California Cabernet Sauvignon has been an important part of the Wine Experience for its 30-year history. So much so, said senior editor James Laube, that these wines might be considered the “Old World” compared to some of the newer wines and regions featured over the weekend.
Nonetheless, the Cabernet tasting was one of the most exciting, as the eight wines chosen were demonstrative of the exceptional 2007 vintage—which Laube has given a classic 99-point rating on Wine Spectator’s 100-point scale. With near-perfect growing conditions and a small crop, the grapes reached ideal ripeness, and the wines show uncommon richness and complexity, a lush texture and impeccable balance.
All eight Cabernets poured have scored at least 95 points, while the Schrader Napa Valley Beckstoffer To Kalon Vineyard CCS 2007 is one of only two wines from California to ever score 100 points upon release. (The other is also from Schrader.)
Seven of the wines were from Napa Valley. Laube said that he thinks of Napa Cabernet as an “iron fist in a velvet glove,” in reference to the strength and texture of the wines. He added that over time, “If anything, the fist has gotten bigger and so has the glove.”
The Napa bottlings came from different areas of the valley, including Wooden Valley (Altamura), Oakville (Ramey and Schrader), St. Helena (Spottswoode) and Pritchard Hill (Colgin). The Corra and Caymus bottlings blended grapes from different districts. The lone Sonoma wine was the Peter Michael Les Pavots, from Knights Valley.
The eight panelists were introspective as they shared their wines and their thoughts about the evolution of California Cabernet, noting that many factors have contributed to the rising quality of the wines, from picking grapes based on flavor rather than data measurements to the widespread replanting of vineyards in the 1990s. Chuck Wagner of Caymus attributed it in part to some healthy competition among the vintners, and as a result, he said, “We’re starting to hit our stride in California.”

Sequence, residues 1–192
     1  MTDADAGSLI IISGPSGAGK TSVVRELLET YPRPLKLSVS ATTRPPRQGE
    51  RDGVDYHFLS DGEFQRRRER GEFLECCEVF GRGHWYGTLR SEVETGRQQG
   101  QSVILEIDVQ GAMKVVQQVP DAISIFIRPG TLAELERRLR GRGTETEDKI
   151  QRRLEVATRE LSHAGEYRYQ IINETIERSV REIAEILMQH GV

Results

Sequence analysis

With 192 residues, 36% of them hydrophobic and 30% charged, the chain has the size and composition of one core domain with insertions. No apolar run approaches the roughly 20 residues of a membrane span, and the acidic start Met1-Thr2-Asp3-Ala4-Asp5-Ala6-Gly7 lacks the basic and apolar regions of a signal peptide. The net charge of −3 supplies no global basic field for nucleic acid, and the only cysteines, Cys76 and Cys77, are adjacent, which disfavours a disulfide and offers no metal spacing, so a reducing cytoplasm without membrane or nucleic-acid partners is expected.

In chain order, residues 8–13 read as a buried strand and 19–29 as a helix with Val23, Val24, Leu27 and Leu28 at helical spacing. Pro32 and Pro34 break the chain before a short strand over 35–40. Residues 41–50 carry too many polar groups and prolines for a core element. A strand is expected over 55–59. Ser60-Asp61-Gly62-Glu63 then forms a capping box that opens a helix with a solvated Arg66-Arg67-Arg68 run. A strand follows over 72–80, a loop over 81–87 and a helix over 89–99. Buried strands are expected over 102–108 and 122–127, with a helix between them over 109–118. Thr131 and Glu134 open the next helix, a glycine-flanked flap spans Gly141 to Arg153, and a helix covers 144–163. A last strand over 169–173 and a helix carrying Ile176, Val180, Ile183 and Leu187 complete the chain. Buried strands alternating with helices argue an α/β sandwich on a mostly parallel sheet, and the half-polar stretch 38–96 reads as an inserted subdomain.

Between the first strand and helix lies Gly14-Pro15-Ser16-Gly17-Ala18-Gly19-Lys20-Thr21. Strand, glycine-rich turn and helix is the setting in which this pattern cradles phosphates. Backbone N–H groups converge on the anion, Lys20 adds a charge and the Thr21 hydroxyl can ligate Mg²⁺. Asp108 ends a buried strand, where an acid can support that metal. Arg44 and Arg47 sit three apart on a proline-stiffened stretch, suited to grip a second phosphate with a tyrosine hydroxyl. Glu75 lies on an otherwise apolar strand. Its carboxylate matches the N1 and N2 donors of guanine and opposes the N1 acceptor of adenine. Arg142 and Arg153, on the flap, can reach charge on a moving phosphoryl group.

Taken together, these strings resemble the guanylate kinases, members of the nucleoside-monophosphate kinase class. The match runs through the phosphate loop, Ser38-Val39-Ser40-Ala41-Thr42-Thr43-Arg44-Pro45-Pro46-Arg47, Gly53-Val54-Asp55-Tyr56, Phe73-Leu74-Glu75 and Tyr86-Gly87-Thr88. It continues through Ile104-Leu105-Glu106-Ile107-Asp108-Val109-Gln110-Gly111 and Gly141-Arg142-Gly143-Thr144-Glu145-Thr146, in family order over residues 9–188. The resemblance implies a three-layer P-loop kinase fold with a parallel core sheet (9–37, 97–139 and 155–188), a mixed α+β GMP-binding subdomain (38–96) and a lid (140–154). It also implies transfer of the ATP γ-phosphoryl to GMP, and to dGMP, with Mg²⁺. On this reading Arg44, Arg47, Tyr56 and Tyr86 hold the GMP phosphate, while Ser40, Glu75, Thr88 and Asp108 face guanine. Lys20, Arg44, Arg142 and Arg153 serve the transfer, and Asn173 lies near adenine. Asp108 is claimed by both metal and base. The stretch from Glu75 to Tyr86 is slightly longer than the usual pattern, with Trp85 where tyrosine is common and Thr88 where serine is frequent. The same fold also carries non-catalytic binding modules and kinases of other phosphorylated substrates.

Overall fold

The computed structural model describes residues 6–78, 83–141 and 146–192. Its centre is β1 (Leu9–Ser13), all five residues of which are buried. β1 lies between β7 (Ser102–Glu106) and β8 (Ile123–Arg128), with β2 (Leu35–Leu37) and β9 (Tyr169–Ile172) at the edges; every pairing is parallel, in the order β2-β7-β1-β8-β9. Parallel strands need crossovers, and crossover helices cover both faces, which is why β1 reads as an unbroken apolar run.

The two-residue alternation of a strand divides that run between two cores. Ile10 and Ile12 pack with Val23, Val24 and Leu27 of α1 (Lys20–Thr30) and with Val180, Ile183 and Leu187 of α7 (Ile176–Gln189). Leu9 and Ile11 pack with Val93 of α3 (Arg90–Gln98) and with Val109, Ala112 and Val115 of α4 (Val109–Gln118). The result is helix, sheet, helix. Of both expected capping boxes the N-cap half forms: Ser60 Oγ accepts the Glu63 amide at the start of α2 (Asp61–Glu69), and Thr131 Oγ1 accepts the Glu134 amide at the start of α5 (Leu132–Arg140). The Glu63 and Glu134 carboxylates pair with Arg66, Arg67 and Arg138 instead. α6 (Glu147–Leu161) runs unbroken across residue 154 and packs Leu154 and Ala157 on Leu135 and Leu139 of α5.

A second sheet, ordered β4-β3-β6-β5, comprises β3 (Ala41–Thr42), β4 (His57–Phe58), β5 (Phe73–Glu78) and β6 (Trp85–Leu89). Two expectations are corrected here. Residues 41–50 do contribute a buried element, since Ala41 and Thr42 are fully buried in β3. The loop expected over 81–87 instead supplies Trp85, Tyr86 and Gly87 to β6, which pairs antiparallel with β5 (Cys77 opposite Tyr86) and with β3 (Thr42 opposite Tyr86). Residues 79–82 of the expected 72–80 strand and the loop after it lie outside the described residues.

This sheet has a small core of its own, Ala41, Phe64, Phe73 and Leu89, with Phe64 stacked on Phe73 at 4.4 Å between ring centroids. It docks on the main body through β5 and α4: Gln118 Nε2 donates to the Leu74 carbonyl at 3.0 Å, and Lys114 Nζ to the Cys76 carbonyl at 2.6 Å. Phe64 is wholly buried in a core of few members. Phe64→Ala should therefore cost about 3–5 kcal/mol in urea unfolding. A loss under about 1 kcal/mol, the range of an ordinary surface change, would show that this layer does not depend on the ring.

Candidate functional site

“I think 20 or 25 years ago, winemakers were concerned with trying to emulate Bordeaux, but I think we moved past that,” said winemaker David Ramey. “Now we’re trying to make the best possible wine we can.”
Altamura co-owner and winemaker Frank Altamura
Altamura Cabernet Sauvignon Napa Valley 2007 (96 points, $85)
Caymus Vineyards owner and winemaker Chuck Wagner
Caymus Cabernet Sauvignon Napa Valley Special Selection 2007 (96, $130)
Colgin Cellars owner Ann Colgin
Colgin IX Estate Napa Valley 2007 (97, $290)
Corra Wines owner and winemaker Celia Welch
Corra Cabernet Sauvignon Napa Valley 2007 (96, $125)
Peter Michael winemaker Nicolas Morlet
Peter Michael Les Pavots Knights Valley 2007 (95, $175)
Ramey Wine Cellars co-owner and winemaker David Ramey
Ramey Cabernet Sauvignon Oakville Pedregal Vineyard 2007 (96, $150)
Schrader Cellars owner Fred Schrader
Schrader Cabernet Sauvignon Napa Valley Beckstoffer To Kalon Vineyard CCS 2007 (100, $150)
Spottswoode president Beth Novak Milliken
Spottswoode Cabernet Sauvignon St. Helena Family Estate Grown 2007 (95, $130)
Top row, from left: James Laube, Frank Altamura, Fred Schrader, David Ramey. Bottom row, from left: Chuck Wagner, Beth Novak Milliken, Ann Colgin, Celia Welch, Nicolas Morlet.
Troy Peterson — Burbank, CA — November 2, 2010 8:40pm ET
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